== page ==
Tuesday, August 8, 2017

Green Room



The specific origin of the term ‘Green Room’ is lost to history. One story is that London’s Blackfriars theatre (1599) included a room behind the scenes, which happened to be painted green; here the actors waited to go on stage. When I worked at Twin Cities Public Television, our green room was where guests would wait before appearing live on television or in one of my video productions.

My own green room has now been emptied. The show will begin shortly. A new play of mine is about to be performed for the first time. So, once again, I’m back at the Steeple Center theater watching my imagined characters come to life; their words transferred from my script to the stage. It’s much the same and yet so very different from last summer’s creation of ‘Riot at Sage Corner.’


I thought an appropriate sub-title for this next new play ought to be:

‘Romance, mischief, good music and a doobie or two
After fifty years, what else would you expect?’

That seems to encapsulate the drama, trauma, and energy I hoped to create with this new storyline of a group of alumni finally gathering together once again after an absence of fifty years. So much had changed. So much had stayed the same. Last January, I visited this subject matter of my next play, in another blog entitled Taking Home Room Attendance.

Now all that effort last winter of telling a story about a fifty-year class reunion was coming to fruition and a play was being created by a very talented cast of actors. The performance dates have been set, the auditions held and rehearsals are in full swing. A very talented singer-songwriter has created two original songs for the show and the sets look marvelous. The actors have been ‘off book’ for some time now. It’s all coming back to me again.




After last summer’s sold out performances of ‘Riot at Sage Corner,’ I asked myself how I was going to follow up on that success with yet another play. There is always a tendency to play it safe and create something that is assured continued satisfaction. Some folks suggested a sequel of the story of Sage and Margaret Maple from ‘Riot.’ Hollywood has been doing that for years with their franchise series. But I wasn’t interested in repeating what I had already done.




In much the same manner that I’ve never been able to focus on just one genre at a time, say more of my successful westerns, I was never interested in just repeating myself. So, I retreated into the half dozen play treatments I’d already created and went searching for some inspiration. Each play treatment had a storyline that interested me to some degree. Finally, after a lot of pondering and toying with the characters, one seemed to stand out. A class reunion of a bunch of odd-ball characters who hadn’t seem one another for fifty years but still carried baggage from that period in their lives.


My own fifty-year class reunion several years earlier turned out to be the ignition point for this new storyline. It was fifty years of change, history, lost feelings, and old feelings resurfacing again. It was one big ‘what if’ and ‘what ever happened to’ that inevitably led to ‘can you believe’ and ‘I’m not surprised.’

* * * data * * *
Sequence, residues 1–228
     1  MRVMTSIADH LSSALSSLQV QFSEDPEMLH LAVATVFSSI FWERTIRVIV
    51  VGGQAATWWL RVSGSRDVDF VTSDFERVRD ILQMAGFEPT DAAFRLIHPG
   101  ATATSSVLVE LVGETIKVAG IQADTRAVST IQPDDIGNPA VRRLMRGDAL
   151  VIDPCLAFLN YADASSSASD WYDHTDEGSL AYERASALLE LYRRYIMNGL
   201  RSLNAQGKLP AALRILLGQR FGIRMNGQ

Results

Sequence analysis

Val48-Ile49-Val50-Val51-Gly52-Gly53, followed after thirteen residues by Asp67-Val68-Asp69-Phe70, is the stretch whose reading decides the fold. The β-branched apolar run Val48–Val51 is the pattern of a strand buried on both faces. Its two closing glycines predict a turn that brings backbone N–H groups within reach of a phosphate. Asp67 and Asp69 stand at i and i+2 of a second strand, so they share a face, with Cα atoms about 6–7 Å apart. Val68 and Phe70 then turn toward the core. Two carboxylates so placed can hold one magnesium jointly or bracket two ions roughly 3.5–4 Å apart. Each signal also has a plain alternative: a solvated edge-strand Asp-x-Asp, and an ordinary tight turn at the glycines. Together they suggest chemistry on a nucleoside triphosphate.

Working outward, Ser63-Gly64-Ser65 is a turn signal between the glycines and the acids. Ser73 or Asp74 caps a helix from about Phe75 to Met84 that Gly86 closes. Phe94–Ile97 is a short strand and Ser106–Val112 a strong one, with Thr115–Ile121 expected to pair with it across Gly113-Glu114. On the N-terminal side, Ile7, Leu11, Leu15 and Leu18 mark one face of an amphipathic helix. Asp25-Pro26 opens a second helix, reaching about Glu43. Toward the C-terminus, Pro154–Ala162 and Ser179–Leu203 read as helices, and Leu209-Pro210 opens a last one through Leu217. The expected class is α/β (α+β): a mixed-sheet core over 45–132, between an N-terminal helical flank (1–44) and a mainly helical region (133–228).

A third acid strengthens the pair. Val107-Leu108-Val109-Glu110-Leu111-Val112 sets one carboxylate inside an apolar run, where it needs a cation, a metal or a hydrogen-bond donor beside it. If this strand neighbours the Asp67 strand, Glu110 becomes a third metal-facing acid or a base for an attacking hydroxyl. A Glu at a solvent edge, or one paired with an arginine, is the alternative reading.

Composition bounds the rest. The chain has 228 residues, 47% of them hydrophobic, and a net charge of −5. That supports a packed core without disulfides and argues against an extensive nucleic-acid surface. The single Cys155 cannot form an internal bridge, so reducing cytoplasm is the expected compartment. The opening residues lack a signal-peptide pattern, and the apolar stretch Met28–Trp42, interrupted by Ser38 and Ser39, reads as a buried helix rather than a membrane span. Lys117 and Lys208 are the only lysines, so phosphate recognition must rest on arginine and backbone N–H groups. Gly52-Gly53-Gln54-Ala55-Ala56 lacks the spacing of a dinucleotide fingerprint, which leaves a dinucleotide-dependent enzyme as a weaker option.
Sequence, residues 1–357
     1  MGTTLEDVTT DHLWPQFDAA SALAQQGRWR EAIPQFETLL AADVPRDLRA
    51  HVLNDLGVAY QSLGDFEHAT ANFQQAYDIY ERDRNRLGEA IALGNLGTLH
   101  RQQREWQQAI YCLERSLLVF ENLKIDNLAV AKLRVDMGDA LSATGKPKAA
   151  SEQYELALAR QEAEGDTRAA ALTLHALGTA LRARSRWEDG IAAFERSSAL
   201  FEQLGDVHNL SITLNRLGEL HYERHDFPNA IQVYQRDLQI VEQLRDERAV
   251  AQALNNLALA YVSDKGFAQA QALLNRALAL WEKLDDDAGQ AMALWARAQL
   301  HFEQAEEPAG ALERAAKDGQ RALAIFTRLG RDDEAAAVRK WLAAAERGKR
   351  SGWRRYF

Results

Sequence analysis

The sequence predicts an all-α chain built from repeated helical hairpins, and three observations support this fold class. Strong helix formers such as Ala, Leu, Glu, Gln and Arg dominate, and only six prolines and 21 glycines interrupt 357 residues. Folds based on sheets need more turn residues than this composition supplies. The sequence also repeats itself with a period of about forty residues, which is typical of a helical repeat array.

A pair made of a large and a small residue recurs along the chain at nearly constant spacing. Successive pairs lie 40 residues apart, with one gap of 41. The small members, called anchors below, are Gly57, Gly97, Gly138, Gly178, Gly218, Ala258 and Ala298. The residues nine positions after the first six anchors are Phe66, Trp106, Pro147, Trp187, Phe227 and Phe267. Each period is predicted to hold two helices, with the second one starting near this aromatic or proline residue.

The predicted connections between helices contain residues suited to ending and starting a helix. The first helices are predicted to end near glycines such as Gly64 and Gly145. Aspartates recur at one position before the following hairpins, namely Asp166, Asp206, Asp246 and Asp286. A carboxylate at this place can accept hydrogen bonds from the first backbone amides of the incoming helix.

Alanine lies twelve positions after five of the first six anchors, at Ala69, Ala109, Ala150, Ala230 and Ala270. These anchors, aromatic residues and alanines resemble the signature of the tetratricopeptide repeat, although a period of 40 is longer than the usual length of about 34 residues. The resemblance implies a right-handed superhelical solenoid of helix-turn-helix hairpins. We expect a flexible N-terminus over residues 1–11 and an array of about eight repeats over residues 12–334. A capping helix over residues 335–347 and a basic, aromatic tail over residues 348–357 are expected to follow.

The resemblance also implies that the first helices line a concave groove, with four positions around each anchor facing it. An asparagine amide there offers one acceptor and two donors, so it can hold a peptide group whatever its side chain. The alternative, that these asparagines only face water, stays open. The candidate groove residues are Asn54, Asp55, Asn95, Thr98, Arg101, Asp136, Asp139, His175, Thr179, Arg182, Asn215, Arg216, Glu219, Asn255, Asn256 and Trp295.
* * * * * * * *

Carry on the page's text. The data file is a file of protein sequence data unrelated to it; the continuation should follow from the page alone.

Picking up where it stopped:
My theory is that people don’t really change over time. We grow, we mature and we become more worldly but our core being remains pretty much the same. It’s only when drama or trauma sweeps into our lives that change can sometimes be forced upon us. And even then, it can be a reluctant change at best.

So that theory further begs the question; can a person reconnect on some new level given the past level of commitment, pain of breakup or reluctance to return to the past even at some surface level? Are the old status symbols of class ranking, social standing or financial strength still a part of that old equation? Or is there something of shared value that transcends all those old barriers to reconnect people at some emotional level? Can our respective pasts be bypassed for a new future together?

So, for all my characters in this new play, I had to ask myself if there could be a reconnection, reconciliation, or acceptance of the past all the while bravely facing the future. That turned out to be the genesis for ‘Club 210.’


I had to create representative characters that were interesting. Some could be stereo-types while others had to stand out as being different. Some turned out to be fictional but with a dose of reality to prop them up. Others were made up but interesting to me.

There were two intimidate settings, a home room and a dive bar once frequented by the group. Both places were cauldrons of memories, some good, some bitter-sweet, some forgettable. There would be plenty of conflict and a lot of humor. Both emotions would tie and pull my characters apart.

During the months that ‘Club 210’ came into focus and finally form, I found my voice with the characters. Now it would be up to them to tell their respective stories as best they can. They all have interesting stories I think my audience is going to enjoy. The Green Room is empty, the actors are in place. All I must do is listen and learn.


Who knows, there just might be yet another story in what they have to say.